- Museum number
- Object: Royal- munificence. hem!!
Plate from the 'Scourge', vii, before p. 443. Illustration to verses, pp. 443-8. Queen Charlotte, taking snuff, sits in an arm-chair beside a table on which is a frugal meal. She looks up in astonishment at a military officer, who enters (right), chapeau-bras, holding out a paper on which a few of the words indicated are legible: 'Gentlemen . . . 2.000 guineas . . . my dear countrymen . . . my heart bleeds . . . distress . . . [signed] Charlotte'. She exclaims: "Mein Gott! my poor Countrymen! my heart bleeds! but de public money is a sacred trust—I love my Countrymen—but de Britons be generous and will relieve them—Ach! mein Gott—mein Gott." On her lap is an open book: 'Frugal Maxims or the Art of Saving Chap 1st—Cheap Diet'. Her knees are ungracefully apart, with a corner of the table-cloth drawn over them; a napkin is tied round her neck. On the table are two boiled eggs, a loaf, a decanter labelled 'Aqua reg[ia]', coins, and a bulging money-bag. One of the Princesses, probably Sophia, kneels before the fire (left) in profile to the left, plying bellows to heat a small pot. Beside the Queen (right) is a large snuff-jar inscribed 'Strasburg' [see No. 12066]. Behind the astonished visitor who holds out to the Queen her own letter two men whisper together on the extreme right, concealing amusement. They say: "A good manœuvre this" and "It won't take tho!"
The room is that of a miser. Behind the Queen (left) is an open cupboard, the shelves stacked with money-bags, &c. On the top shelf a (carved) bird labelled 'Tippo's Dove', presumably from the spoils of Seringapatam (1799), a bag of 'Pearls', and a jar of 'Gold Dust'. Below: a bag of 'Farthings' stands on a triply locked chest of 'Jewels', which is next a bag inscribed '20.000'. On the lower shelves are money-bags. On the inner side of the door is a 'Table of Interest' with sums extending from '100' to '100.000'. On a settee against the wall is a heap of books, four inscribed: 'The Man of Ross', 'Narrative of the Battle of Leipsic', 'Life of John Elwes Esqr', 'Essay on Charity'. Above is a picture inscribed 'Date Obolum Belisario': the Queen walks along a pavement holding out the hat of the blind King, who follows her with his hand on her shoulder. On the chimney-piece is a bust of 'Elwes', and a candlestick with an extinguisher resting on a candle-end. Above are three pictures: 'Benevolence', a woman on a doorstep gives something to a beggar-woman; 'Charity' hangs sideways and is largely hidden by the margin; '[A]varice' a woman (the Queen) with moneybags, the head cut off by the upper margin.
1 June 1814
- Production date
Height: 245 millimetres
Width: 330 millimetres
- Curator's comments
- (Description and comment from M. Dorothy George, 'Catalogue of Political and Personal Satires in the British Museum', IX, 1949)
According to the verses (in the manner of Peter Pindar), the Queen's name was in jest put down for £2,000 on a subscription list opened in the City for the relief of distress in Germany due to the war. On inquiry it was found that she had not contributed. A satirical paragraph in the 'Examiner', 15 May, on the subscription (initiated by the Duke of Sussex): 'The hitherto regretted absence of this august name is, we understand, solely imputed to a desire entertained by the exalted Personage of waiting till the renewal of her birthday [19 May] should offer a felicitous opportunity of thus "increasing" the public love and her own immediate self-respect.' Ibid., 26 June: 'Her Majesty . . . "has not given one sixpence in aid of her distressed country".' On 25 Sept. a vicious article is headed 'Her Majesty and Alms-giving'. Satires on the Queen's supposed miserliness were revived in 1813, see No. 12066; cf. No. 12279. The print derives in part from Gillray's 'Temperance enjoying a frugal Meal', No. 8117; the allusions to the Man of Ross (John Kyrle), and to the miser Elwes; the Table of Interest, the candle, the eggs, the tablecloth over the knee, are common to both. 'Date Obolum Belisario' is a catch-phrase embodying the legend that Belisarius was neglected in his old age by Justinian and allowed to beg in the streets, cf. Nos. 6028, 12995; here it is an allusion to the King's blindness as well as to the Queen's parsimony.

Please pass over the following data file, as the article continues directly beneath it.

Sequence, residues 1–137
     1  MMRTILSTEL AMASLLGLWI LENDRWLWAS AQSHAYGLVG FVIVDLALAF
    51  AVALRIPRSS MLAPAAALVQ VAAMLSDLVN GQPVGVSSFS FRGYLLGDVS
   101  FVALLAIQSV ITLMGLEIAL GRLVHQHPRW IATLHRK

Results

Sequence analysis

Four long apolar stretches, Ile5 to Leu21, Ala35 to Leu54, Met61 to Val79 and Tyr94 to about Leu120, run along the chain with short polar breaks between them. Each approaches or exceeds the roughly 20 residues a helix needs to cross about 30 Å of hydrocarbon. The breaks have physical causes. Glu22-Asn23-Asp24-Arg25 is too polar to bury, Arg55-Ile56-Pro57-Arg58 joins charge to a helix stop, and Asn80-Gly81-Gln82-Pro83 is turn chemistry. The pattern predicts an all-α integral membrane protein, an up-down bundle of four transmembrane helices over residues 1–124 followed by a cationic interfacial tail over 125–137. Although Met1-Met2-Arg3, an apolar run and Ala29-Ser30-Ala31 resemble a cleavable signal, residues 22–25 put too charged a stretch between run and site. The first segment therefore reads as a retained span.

John Ford (email communication, April 2009) added the following information:
The figure at the rear, second from the right bears a strong resemblance to Rudolph Ackermann (1764-1834), who acted as Secretary to the two Committees, the City and the Westminster, established early in 1814 to collect monies for the relief of German distress following the Battle of Leipzig in November 1813. The Government, through the urgings of the Archbishop of Canterbury and the agency of Chancellor of the Exchequer Vansittart agreed to donate a sum equal to that collected through the voluntary contributions and the total sum realised was £215,000. Despite the widespread canards regarding her parsimony Queen Charlotte did contribute £200 and three of her sons also contributed to the fund. The Queen, with Princesses Mary and Elizabeth, also attended the Concert of Sacred Music organised by Ackermann in the Chapel Royal on 28 June, The Times commenting rather ungraciously, 'The Queen looked better than usual'.
Ackermann published Shoberl's Narrative of the most remarkble events in or near Leipzig ( see book on sofa) and was the principal organiser of the distribution of the monies raised to over two hundred districts towns, and villages across Germany; Queen Charlotte's native Mecklenburgh-Strelitz received a total of £2,100.
- Not on display
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